Small Houses Big Spaces
iny houses are not small and small houses are not tiny. The tiny house movement, while illustrating a sought-after trend toward living with less encompasses single spaces in which all functions are combined. Living, dining, cooking, working at home happen together, usually in one largely undifferentiated room. All or most of the tiny house shares the same space and the same scale.
Smaller houses do not mean the creation of one room in which different functions are combined, sharing the same room dimensions, ceiling heights, views or relationship between the interior and outdoor environment. Creating good small homes means carefully separating the important activities of a residence into mutually supporting spaces differentiated in size and scale based on the publicness, “privateness” and the intimacy inherent in what happens within them.
A living/entertaining space is best in more volume and requires separation from sleeping, bathing, reading, playing and working places. An intimate reading space is best served by enclosure, a lower ceiling, a more defined, captured view outside. Great dining and gathering benefits from some privacy, a lower, comforting envelope of space and a more human scale that relates to the seated person inwardly focused on others in a group.
In a good house, there is a naturally comfortable order of space based on the activity it encompasses, how one’s body is arranged there, and whether the space is designed to create a setting for an inwardly focused, engaged group, more disparate activities done by a family together yet somewhat apart, or a private place for introspection, repose or rest. This is the principle behind architect Sarah Susanka’s hopeful and helpful pursuit of “The Not So Big House”. Bigger is not better; we can have more comfortable, more human, better living and gathering in smaller spaces if they are well designed.
Big, high, open houses that are designed (with some thought…or almost none) to impress with the luxury of size (to project the impression of more) are not comfortable. Big spaces and large floor areas are often confused as synonymous with better, more desirable opulence, and a sense of good living. In addition to insuring that they use more energy, materials and labor and are more wasteful to build, maintain, and to eventually demolish, today’s larger homes are also uncomfortable to live in.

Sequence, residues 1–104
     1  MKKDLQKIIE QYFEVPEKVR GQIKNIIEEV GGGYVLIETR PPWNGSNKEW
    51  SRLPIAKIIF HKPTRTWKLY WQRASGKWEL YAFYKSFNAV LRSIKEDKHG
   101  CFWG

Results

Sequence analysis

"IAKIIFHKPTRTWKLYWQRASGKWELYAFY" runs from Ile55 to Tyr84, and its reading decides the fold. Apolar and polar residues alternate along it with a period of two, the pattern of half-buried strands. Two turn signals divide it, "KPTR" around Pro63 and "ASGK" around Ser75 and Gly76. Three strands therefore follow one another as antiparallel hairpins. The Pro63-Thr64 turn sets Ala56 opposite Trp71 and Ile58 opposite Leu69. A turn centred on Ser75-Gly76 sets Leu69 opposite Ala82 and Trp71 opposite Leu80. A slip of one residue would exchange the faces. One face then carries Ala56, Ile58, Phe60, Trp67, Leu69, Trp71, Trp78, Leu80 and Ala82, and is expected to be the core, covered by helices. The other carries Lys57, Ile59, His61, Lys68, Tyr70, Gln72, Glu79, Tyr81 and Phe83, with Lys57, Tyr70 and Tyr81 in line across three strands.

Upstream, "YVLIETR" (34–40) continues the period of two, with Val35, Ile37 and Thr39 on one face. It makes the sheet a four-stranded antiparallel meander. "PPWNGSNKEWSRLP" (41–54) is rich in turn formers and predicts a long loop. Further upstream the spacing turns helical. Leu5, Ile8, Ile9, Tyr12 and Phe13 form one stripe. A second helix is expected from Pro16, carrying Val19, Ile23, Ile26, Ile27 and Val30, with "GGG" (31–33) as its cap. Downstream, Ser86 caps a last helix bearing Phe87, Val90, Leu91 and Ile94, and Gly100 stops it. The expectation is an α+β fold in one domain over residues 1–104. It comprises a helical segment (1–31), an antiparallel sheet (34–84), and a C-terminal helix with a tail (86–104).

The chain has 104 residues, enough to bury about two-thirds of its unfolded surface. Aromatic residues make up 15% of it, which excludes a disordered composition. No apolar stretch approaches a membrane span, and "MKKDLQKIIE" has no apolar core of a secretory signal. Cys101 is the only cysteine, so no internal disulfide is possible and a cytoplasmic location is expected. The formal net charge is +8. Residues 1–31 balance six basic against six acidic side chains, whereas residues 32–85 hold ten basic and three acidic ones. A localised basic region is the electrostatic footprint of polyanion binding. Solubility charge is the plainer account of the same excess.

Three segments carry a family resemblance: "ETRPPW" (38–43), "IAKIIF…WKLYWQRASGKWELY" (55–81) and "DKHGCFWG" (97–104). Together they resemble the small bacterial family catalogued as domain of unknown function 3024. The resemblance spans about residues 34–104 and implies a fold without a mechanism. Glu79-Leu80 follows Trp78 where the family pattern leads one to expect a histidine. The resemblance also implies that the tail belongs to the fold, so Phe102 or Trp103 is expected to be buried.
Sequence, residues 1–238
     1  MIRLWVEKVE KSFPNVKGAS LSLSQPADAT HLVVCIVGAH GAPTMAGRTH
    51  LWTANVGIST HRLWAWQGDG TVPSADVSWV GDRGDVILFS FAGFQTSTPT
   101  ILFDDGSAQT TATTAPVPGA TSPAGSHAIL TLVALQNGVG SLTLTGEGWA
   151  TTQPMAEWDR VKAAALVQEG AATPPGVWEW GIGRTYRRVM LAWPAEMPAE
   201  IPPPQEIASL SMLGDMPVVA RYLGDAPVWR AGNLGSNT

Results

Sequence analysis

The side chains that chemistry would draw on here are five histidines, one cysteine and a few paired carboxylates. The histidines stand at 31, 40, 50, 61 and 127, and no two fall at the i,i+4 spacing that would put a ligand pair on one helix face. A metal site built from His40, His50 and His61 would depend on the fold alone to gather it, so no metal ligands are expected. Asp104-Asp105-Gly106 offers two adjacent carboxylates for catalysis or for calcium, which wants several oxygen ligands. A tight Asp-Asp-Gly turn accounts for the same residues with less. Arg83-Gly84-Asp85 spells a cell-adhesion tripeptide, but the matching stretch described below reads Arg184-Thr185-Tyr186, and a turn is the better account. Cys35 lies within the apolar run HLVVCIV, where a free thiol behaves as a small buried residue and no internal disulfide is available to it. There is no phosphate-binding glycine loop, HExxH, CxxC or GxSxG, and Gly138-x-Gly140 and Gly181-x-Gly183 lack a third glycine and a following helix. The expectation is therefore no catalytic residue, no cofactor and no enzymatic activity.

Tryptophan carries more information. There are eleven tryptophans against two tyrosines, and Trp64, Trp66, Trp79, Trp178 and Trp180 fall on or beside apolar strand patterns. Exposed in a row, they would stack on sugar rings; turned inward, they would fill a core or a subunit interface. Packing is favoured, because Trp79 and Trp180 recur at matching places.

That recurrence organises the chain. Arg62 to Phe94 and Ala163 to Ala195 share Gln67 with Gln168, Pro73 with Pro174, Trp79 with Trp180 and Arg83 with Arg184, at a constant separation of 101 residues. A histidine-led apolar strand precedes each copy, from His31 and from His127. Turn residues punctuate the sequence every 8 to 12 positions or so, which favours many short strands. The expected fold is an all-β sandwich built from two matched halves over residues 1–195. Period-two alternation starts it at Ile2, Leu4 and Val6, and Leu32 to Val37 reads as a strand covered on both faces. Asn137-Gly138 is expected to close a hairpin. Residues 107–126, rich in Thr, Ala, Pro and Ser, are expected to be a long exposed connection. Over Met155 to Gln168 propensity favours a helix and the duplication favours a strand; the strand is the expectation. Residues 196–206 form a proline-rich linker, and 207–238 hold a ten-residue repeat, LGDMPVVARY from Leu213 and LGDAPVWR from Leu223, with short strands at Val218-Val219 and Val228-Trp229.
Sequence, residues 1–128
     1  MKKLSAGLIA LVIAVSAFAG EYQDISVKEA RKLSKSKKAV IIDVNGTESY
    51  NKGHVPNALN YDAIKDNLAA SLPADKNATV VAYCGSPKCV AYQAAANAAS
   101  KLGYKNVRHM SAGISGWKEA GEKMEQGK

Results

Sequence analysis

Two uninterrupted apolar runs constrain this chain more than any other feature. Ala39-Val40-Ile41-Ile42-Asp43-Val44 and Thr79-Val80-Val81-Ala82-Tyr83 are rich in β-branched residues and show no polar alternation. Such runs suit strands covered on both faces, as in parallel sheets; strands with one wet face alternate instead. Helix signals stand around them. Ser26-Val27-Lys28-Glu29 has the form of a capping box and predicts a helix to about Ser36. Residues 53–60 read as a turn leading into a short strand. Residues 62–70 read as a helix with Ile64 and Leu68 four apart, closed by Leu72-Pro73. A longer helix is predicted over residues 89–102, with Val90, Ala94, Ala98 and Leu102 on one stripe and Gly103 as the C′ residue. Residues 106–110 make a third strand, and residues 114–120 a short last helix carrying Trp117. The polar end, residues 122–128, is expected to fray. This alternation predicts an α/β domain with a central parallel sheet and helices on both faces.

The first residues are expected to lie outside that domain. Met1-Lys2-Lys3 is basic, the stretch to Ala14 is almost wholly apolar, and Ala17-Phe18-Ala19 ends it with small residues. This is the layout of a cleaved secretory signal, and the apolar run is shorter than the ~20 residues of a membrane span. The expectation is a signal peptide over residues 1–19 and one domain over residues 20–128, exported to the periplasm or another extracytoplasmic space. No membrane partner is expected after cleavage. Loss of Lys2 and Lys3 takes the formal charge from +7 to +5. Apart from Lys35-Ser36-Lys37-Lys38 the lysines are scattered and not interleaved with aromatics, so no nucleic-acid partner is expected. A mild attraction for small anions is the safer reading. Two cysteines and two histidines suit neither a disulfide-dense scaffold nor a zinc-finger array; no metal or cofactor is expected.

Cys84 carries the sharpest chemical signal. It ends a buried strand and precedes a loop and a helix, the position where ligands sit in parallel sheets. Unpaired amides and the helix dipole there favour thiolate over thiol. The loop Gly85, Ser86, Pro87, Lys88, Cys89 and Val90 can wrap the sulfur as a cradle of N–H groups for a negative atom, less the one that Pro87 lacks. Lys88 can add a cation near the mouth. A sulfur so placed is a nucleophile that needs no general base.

Large parties may start in big rooms but watch a large group across an evening and you will find people selecting smaller, denser and often more intimate places away from the larger room. Experiments in allowing users of a building to self-select the most comfortable place to talk or gather a small group or to be alone illustrate that humans have a naturally sensitive intuition for the right space. Living in “intentionally small” has deservedly gained attention in many places in recent years.
The right space is the place that is just large enough to hold yet small enough to cluster, to support togetherness at the right distance as a group (a tribe). We tend to like visual-spacial connections between rooms that lend the one we are in a sense that we are not confined yet the big undifferentiated (largely undesigned) spaces of many newer homes are not conducive to our real daily uses, nor our real lives. We’ve seen vivid examples in our own work.
Several years ago, we were called to fix a large second-story space created to house a “master bedroom suite”. The couple who had spent many thousands of dollars building it were so uncomfortable sleeping in it that they had cobbled together a 2 x 4 frame around their bed and had covered it with sheets. They could not explain what was wrong but knew that they felt acutely uncomfortable in their own home.
The space their designer had created for their bedroom was a 12-foot-high vaulted room that lent no sense comfortable intimacy to activities in it; sleeping, reading, making love. Our solution was to divide the space vertically, building a lower ceiling over their bedroom that became a floor for a desired upper office/workroom aerie. The creation of smaller spaces differentiated by the needs and scale inherent in the activities they housed fixed the grand bedroom that the previous designer thought they needed to express their successful lives. In the end, they were very happy with two smaller spaces, each scaled to the activities and the intimacy/privacy of the activities within them
The design of better smaller houses that lend warmth, comfortable enclosure, and interrelated space that nurtures the way we really live requires care and thoughtful planning. Yet It is not rocket science. Great small houses begin with a “program” of the functions within them correlated to the kinds and scale of spaces that best serve those functions, a development of the best relationship of these spaces, and a sensitive connection of interior space, exterior landscape, views and environment. The height and openness/closeness of spaces, natural and man-made light, the orientation of space to the sun and wind are all important. With more care in the creation of our homes those capsules so critical to nurturing our families and ourselves are better, smaller, more meaningful and comfortable.
We are convinced that in less your family can be better housed in richer, better built, longer-lasting, more efficient, and more human dwellings. It’s also less expensive, more efficient and easier to clean. Read the third part of this series to find out how the design process emphasizing the right space works.
Tim James Rhodes RA. AIA.
Rhodes Architecture + Light